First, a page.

I would, as a European citizen, not understand the attitude of any Minister putting an obstacle between the political decision and the implementation of the same political decision he or she has taken. I would expect that things might move in the coming days and weeks as we have worked very well in these weeks after March, not only on this, because a lot of work has been done, a lot of consensus has been built. Sometimes this takes time, a lot of work, this is part of the bubble but this is the same at the national level, almost everywhere.
So, I am satisfied with the level of work that has been done both on the MPCC but also on all the other strands of work that have been discussed this morning with the Foreign Ministers and will be discussed again with the Defence Ministers on Thursday. I'm satisfied because we have done a lots of steps forward, both on Permanent Structured Cooperation, on CARD [Coordinated Annual Review on Defence], on the MPCC, even if we still have a little bit of technical work to be done. We are talking about a couple of months work that is behind us; if you consider complexity and the sensitivity of this issue, it seems to me slow but it is in reality very fast, compared to how these things have been moving or rather not moving in the last decade. So, I think we can be patient and put a lot of energy in solving the last language, legal issues that be might there.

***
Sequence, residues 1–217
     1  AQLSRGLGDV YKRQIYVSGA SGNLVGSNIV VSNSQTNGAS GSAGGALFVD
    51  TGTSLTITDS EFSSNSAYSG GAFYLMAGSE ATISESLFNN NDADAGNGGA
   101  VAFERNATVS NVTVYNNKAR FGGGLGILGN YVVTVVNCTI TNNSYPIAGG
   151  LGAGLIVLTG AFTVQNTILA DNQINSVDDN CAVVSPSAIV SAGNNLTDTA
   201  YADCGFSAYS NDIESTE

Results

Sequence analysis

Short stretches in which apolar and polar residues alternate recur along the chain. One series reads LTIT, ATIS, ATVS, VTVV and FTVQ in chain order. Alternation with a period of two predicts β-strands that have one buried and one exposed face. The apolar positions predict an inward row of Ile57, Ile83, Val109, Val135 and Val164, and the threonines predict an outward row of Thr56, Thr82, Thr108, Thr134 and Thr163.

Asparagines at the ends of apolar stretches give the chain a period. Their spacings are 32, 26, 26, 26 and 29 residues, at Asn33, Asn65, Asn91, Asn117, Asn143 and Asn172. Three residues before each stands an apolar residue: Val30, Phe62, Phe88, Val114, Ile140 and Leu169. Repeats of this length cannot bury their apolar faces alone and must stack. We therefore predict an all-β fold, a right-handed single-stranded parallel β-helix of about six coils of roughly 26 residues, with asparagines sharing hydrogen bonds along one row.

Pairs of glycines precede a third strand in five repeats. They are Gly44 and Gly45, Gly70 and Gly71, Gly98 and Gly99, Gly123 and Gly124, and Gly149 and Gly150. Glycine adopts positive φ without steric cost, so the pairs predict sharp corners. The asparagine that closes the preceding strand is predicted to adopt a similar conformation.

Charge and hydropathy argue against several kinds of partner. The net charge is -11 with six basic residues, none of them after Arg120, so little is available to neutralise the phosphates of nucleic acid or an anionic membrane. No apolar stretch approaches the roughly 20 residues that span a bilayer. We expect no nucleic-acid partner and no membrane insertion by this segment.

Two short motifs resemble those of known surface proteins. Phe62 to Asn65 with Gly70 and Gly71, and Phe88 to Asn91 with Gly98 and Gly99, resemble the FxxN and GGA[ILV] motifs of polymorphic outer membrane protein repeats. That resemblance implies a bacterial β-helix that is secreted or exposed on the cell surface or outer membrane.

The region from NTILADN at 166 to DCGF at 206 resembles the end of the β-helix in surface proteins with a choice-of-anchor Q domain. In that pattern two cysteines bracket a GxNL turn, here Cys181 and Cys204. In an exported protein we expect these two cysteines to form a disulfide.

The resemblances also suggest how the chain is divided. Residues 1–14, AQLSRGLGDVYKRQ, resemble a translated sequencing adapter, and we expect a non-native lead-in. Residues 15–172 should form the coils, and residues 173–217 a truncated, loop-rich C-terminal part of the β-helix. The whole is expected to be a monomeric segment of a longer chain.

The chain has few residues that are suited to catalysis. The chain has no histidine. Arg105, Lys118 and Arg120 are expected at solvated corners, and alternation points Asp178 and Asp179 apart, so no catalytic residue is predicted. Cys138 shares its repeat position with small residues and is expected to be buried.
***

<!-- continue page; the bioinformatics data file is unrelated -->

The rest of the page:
Link to the video (remarks): https://ec.europa.eu/avservices/ebs/schedule.cfm?page=1&date=05/15/2017&institution=Council#s366103
Link to the video (Q&A): http://ec.europa.eu/avservices/video/player.cfm?ref=I138222